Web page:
Most helpful critical review
461 of 506 people found the following review helpful
there are only 3 reasons for sticky broadcasts.
on January 6, 2013
1) malicious intent because a sticky broadcast will blow by any other security and be global to the entire system. So they can easily be used for very nefarious reasons. 2) lazy programming. 3) some valid reason for some system level application that you truly truly trust that actually would need such access (I cannot think of a single example of a user level application that would need this level of access).
Unexplained sticky intents in a radio app are EXTREMELY suspicious. They are global and they stick around forever. They also blow past all other permissions and security since they are intended to be used at the SYSTEM level only. No radio app ever needs that level of access! Ever ever ever! Sorry, but no way in heck will I install this and I will definitely warn people about it. I did "buy it" as the free app of the day but when I noticed the permissions I did not actually install it and I will not as long as they have these ridiculous permissions embedded in it. Shame on this developer for trying to pull a fast one (or so it seems).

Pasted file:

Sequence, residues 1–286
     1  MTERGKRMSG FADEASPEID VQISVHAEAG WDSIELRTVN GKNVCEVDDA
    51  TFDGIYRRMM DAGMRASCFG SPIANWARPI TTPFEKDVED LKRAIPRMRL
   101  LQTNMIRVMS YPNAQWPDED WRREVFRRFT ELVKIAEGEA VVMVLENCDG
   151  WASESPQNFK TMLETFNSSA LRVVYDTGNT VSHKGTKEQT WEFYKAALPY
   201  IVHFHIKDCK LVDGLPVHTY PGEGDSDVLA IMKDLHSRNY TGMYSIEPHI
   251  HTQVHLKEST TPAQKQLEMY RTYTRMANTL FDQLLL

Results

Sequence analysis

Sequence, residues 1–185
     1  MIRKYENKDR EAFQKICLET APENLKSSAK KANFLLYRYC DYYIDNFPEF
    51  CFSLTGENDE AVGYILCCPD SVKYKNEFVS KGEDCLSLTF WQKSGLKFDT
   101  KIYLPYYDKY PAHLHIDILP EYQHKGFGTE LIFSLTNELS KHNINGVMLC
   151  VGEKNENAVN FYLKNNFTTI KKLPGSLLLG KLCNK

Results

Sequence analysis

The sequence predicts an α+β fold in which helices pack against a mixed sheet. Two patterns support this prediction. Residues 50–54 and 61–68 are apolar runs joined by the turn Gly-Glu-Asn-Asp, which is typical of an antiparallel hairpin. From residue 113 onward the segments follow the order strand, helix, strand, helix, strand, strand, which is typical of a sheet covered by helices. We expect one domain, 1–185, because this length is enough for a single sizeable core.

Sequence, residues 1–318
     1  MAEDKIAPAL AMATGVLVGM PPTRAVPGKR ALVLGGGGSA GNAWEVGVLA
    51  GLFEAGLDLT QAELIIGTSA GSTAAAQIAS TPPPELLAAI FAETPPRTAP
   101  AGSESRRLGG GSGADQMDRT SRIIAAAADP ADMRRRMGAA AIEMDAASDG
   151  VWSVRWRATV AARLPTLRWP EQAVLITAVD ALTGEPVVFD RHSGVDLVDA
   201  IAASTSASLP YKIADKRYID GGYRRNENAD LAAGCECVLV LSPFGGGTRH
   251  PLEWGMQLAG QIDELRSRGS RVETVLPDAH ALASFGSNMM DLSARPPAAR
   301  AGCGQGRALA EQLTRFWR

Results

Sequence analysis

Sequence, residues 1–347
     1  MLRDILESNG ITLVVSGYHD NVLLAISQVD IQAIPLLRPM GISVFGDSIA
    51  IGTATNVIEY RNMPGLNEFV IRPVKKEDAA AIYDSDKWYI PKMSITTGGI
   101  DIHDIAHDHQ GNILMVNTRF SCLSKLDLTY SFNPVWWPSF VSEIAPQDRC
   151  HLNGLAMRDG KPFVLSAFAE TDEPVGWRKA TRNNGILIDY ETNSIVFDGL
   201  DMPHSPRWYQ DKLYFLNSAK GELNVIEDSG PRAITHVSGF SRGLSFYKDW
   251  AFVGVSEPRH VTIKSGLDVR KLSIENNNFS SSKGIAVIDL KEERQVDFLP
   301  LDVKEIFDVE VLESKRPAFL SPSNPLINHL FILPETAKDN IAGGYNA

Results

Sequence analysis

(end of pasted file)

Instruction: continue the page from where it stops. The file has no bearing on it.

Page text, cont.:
In fact, here is a direct quote from a developer of Android itself: " Er... there is NO reason to use sticky broadcasts for communication within your own app. In fact, I'll go farther and say you just should not do this. Sticky broadcasts are GLOBAL to the system. And because of this, performing a sticky broadcast is multiple orders of magnitude slower than just implementing direct calls within your own app (IPC for each receiver to register, IPC to the system to send it, IPC from the system back to your app to deliver it, marshalling and unmarshalling of all the data within the Intent over both IPCs).
More than that, there is NO protection on them, so any other application can watch your sticky broadcasts, or even send their own values back to you. (Btw, this is also issue with using any broadcasts within your own app. Broadcasts are really there for cross-application communication. It is just far more efficient and easier to implement these things within an app by having a callback interface.)
Now I am really regretting that I made that function public. :/
> And of course, if you want out of application notifications, you have > no other option.
You do have the option of using a normal broadcast rather than a sticky broadcast. You'll notice that there are basically no sticky broadcasts used by the system, at least that you see in the public APIs. In fact there are some places they are used internally, but even those are slowly going away as we discover security holes with them because there is no way to protect who can receive the broadcast data."
If you Google a block of this post you will find the original source Amazon will not allow me to post a link to it. (Update you can find the link to this in Daniel's comment, below! Turns out that links seem to be okay in replies, just not in reviews? At least it wouldn't allow me to do it. No matter, it's there.)